Numbers Lit! Data Literacy and Fake News
Posted on: March 17, 2021
Dr. Lesley S. J. Farmer, California State University Long Beach, USA and author of the Routledge book, Fake News in Context
“Wisconsin counted more votes than registered voters.”
“Trump’s inaugural crowd was larger than Obama’s.”
“The US has 6 million confirmed COVID-19 cases.”
“The number of children diagnosed with Autism Spectrum Disorder (ASD) has risen of the past ten years; it’s an epidemic!”
Numbers are supposedly objective. After all, they are calculated by universal rules. The book Lies, Damned Lies and Statistics by Mike Nemeth says it all: numerical data can be manipulated to mislead people just as words and images can be manipulated to fool the public.
More than ever, people need to be data literate and check the accuracy – and context – of data that they read and see, especially in the news. Yet people seldom evaluate and select authoritative data sources.
Why is checking data so important? People often share such data online, especially if it confirms their current beliefs (such as a Trump supporter reading the inaugural figures) or is startling (as in the above Wisconsin claim), and people tend to believe their friends, so may act on this false or misleading information. The results may be consequential. For instance, if the data about ASD is coupled with data about vaccinations, parents may decide not to have their children vaccinated at all, which may lead to more diseases.
An easy way to discern the quality of data is to follow these four steps.
- Look through the entire article or news items. Sometimes a news heading or picture might not match the rest of the article. For instance, the rest of the article on ASD does go on to say that the reason for the ASD diagnosis rise is a greater awareness of the condition and more testing of children at an earlier age in order to help children and families address ASD differences.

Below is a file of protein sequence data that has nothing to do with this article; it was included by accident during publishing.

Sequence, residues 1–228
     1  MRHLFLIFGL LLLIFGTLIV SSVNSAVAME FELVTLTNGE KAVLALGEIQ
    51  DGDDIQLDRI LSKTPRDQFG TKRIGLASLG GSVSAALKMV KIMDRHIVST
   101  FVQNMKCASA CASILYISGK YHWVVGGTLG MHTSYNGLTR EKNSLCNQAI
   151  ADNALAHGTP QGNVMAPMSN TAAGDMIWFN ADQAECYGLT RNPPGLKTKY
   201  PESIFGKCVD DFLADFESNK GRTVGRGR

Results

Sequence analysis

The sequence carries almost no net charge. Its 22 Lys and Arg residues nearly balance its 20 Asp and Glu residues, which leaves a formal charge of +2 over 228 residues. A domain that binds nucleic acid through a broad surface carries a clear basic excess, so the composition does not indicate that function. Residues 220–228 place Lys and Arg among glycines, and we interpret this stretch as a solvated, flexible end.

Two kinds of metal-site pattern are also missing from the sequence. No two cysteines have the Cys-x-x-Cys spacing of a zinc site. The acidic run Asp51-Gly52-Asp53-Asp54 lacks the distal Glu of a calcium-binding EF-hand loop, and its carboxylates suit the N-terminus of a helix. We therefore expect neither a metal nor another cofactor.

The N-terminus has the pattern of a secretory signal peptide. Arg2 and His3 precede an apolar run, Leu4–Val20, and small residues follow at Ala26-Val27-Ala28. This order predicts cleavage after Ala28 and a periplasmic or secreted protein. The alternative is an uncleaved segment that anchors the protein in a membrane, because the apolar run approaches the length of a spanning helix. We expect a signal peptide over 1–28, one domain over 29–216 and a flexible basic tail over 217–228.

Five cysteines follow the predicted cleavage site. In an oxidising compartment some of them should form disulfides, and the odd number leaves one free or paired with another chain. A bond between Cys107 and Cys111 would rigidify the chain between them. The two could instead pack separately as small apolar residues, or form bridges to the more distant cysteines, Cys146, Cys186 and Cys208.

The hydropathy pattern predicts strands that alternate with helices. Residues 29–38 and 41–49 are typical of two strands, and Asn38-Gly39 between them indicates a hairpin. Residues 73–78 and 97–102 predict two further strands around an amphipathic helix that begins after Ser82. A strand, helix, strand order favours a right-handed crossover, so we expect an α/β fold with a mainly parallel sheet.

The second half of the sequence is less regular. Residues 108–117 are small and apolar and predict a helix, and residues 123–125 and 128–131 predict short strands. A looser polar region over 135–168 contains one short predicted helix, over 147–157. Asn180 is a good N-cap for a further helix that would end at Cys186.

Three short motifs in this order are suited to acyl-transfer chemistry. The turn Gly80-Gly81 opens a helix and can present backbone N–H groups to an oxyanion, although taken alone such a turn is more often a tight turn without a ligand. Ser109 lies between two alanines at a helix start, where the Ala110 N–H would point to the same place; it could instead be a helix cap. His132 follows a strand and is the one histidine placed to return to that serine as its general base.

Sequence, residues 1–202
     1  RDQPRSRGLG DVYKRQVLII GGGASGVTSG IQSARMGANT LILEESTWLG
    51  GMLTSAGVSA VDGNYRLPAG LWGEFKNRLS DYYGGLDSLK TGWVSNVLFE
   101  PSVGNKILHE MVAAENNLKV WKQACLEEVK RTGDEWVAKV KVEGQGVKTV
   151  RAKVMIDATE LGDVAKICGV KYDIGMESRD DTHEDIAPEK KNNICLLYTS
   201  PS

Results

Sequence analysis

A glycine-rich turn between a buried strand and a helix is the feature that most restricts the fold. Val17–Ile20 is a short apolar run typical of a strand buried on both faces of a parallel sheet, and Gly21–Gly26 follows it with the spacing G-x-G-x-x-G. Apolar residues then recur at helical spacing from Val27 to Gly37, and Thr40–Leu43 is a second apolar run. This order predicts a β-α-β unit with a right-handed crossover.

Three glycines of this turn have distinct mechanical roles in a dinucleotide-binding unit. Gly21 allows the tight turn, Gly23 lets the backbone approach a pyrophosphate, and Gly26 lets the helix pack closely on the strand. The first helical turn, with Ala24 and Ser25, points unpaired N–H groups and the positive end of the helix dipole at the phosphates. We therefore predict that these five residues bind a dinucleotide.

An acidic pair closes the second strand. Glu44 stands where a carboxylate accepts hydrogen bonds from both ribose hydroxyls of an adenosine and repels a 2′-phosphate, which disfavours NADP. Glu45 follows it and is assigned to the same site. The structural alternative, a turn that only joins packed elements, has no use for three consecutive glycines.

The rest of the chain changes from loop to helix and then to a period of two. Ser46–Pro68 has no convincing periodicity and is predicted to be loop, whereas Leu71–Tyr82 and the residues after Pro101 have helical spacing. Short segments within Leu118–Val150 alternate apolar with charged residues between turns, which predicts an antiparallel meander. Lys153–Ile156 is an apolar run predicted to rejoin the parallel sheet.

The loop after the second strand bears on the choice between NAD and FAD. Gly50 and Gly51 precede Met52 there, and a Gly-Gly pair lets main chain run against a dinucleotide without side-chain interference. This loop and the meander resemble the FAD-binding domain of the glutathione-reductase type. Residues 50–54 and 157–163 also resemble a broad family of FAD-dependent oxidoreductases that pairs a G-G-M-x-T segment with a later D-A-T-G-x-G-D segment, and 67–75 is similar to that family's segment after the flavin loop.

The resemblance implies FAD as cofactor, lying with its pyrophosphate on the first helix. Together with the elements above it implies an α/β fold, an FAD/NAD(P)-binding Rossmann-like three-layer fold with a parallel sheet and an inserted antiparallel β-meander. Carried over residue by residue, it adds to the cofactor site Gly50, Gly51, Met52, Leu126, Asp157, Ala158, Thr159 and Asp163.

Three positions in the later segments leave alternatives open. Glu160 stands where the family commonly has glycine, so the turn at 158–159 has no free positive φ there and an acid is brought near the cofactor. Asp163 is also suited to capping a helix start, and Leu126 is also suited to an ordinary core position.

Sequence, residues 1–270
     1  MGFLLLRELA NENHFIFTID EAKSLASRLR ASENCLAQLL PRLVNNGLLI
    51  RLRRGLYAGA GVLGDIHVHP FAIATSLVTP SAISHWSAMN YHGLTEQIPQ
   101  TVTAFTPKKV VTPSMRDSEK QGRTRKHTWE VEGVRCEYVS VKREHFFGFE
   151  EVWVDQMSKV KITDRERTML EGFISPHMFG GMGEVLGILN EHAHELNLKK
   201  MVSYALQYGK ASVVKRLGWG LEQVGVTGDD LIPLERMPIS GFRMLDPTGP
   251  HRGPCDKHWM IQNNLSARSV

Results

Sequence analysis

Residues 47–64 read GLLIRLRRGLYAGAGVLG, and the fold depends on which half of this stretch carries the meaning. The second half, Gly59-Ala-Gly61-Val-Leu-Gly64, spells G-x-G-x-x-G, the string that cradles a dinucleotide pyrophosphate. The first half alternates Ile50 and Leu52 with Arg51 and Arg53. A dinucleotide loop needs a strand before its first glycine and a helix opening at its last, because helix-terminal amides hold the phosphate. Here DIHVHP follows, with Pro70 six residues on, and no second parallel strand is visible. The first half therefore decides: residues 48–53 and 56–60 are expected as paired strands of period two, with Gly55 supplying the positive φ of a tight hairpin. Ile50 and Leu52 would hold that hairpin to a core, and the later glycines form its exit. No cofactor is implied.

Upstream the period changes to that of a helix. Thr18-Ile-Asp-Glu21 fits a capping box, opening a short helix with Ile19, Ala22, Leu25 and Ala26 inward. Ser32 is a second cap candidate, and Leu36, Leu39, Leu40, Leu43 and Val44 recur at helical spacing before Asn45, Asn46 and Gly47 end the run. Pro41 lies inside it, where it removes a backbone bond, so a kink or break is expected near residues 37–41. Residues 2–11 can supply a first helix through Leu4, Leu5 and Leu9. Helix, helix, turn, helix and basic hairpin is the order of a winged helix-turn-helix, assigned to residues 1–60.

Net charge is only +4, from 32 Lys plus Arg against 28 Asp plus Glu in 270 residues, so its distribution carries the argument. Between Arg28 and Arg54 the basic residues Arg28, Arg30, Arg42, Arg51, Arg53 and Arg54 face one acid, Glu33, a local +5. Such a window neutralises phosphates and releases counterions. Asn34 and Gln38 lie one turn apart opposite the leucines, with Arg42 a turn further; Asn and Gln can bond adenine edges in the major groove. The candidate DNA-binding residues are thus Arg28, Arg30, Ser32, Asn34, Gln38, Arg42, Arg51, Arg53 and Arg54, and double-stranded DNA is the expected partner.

- Look up to find the source. The information about Wisconsin’s count was posted in Twitter and went viral. Both the Wisconsin Election Committee and the New York Times checked the figures, and wondered where the Tweeter found the other data. What happened was that the Tweeter used 2018 registered voter numbers, and didn’t realize that in 2020, there were more than half a million additional registered voters than in 2018.
- Look across to see the data from other news sources about the same topic. For instance, pictures of the Trump and Obama inaugural crowds were photographed from different angles or were cropped in different ways. The most accurate images (from the air and un-edited) comparing the two events clearly showed that Obama drew a larger crowd.
- Look inward to your own beliefs. For instance, seeing that there were six million COVID-19 cases, and reading that fewer than five percent need hospitalization, might be interpreted as a reason not to follow masking and social distancing practices. After all 5 percent of 6 million is only 300,000, and the US population is over 300 million: less than 1 in a 1000. Adding to the fact that up to seventy percent of adults aged 85 or older were hospitalized, especially if you are a young adult and think the pandemic is a hype, and you want to do what you want, these figures can seem reassuring. Those same people who interpret the data as shown above might not read additional articles that give more context such as more recent data, the fact that many people do not disclose their illness or choose not to be hospitalized, and that the elderly are likely to be in crowded nursing homes.